On a recent Mumbai tour, we saw this fisherman at Banganga. Guess what he had in his basket?
Bombay Duck. Locals call it bombil, and the fisherfolk 'Mumbai cho bomil', but the British named it Bombay Duck, and that name has stuck.
So why did they call a fish a duck?
There's a theory going around that Bombay Duck is just a corruption of the Hindi 'Bombay Dak'. Bombay Dak (Bombay Mail) refers to the mail train in which the fish were transported during the British Raj. Another theory is that the smell of the drying fish reminded the British of the odour of the wooden railroad cars!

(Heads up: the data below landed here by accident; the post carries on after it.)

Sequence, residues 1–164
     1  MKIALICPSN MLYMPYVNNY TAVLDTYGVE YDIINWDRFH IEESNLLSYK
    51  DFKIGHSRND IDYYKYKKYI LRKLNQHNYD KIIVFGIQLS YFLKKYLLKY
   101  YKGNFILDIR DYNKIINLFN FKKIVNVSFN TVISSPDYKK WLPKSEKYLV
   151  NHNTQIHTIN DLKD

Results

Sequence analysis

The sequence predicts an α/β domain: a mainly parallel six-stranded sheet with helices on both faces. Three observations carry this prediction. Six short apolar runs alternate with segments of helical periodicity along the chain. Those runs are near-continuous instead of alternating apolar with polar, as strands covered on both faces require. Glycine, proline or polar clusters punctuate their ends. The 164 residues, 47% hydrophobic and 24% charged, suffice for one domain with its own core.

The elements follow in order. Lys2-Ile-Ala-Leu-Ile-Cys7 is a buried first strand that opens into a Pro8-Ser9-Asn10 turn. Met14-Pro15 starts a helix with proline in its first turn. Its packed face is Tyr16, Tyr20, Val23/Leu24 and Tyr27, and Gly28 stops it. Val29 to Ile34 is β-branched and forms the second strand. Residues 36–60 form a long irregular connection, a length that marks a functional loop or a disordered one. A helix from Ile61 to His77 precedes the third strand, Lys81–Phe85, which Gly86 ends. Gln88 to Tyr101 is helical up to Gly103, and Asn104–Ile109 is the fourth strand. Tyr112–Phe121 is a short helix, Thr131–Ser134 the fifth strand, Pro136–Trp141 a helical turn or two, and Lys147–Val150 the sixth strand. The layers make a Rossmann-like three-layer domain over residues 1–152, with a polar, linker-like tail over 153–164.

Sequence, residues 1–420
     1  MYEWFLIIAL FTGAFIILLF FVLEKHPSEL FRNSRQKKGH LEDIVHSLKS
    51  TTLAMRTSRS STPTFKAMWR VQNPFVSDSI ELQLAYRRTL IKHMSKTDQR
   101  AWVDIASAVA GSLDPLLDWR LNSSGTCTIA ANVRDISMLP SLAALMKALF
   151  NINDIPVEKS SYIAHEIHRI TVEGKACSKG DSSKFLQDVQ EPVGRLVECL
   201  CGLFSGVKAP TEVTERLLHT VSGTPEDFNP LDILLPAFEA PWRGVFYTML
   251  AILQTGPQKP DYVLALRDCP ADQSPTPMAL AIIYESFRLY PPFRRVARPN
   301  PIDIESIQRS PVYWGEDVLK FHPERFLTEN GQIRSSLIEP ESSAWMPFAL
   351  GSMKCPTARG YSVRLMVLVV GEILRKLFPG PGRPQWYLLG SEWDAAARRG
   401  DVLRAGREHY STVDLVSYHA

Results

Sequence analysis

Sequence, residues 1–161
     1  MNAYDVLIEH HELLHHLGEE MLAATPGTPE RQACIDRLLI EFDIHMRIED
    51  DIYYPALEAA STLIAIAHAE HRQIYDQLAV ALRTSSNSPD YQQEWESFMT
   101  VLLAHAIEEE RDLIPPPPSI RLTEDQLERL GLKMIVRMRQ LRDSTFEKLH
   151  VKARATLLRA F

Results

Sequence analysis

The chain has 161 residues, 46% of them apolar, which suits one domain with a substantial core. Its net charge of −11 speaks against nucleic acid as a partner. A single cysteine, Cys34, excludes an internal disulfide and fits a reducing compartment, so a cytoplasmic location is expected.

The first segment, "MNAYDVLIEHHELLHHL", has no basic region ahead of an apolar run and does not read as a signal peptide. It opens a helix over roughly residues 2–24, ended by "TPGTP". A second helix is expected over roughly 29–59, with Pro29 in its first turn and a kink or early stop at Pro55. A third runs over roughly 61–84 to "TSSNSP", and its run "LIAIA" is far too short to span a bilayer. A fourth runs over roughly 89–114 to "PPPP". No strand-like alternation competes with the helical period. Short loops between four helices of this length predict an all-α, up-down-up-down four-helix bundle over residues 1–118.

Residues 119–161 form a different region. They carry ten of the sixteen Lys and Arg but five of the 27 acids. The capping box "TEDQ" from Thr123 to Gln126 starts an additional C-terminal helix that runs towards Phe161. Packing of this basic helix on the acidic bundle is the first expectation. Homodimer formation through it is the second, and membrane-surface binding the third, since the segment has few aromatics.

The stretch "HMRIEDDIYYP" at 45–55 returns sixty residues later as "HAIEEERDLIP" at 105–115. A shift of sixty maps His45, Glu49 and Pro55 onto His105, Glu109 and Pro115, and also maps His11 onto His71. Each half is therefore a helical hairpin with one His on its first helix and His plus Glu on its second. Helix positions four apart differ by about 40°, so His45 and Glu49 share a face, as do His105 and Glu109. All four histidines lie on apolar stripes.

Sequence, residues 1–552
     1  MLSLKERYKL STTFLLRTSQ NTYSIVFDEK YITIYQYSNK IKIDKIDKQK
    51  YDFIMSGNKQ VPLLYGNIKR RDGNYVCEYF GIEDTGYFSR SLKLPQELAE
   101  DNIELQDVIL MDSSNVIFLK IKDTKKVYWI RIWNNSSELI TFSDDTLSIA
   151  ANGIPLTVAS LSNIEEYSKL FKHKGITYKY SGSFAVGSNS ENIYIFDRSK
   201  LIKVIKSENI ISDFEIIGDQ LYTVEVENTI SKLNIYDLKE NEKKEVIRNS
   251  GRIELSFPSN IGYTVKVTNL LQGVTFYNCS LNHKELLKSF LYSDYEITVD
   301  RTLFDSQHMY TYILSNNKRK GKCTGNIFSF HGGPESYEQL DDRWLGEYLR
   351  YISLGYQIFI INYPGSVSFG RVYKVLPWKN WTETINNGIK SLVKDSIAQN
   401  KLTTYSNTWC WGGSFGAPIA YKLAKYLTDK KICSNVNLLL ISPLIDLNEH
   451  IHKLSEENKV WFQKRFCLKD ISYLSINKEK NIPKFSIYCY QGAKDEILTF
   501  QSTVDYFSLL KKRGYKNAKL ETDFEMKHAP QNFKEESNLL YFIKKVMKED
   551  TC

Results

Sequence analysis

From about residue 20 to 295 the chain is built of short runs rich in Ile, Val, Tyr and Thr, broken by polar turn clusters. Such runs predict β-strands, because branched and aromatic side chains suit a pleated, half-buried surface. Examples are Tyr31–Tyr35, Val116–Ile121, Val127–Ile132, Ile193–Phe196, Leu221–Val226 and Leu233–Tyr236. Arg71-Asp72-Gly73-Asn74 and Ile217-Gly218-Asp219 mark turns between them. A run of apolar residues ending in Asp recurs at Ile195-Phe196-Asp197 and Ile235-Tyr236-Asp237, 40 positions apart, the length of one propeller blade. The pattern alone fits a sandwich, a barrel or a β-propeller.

This fish is found only in the Arabian sea between Bombay and Kutch-Gujarat. A large part of the daily catch goes straight for drying, as there are scores of people who relish 'sukat' - dried and salted bombil. If you take a walk on the beaches of Versova and Mahim, you can see rows of thin bamboo sticks wedged into the sand with salted bombils hanging by their tails, drying in the sun.
If you'd like a closer look here's another photo of this lizardfish. Not a pretty sight, eh?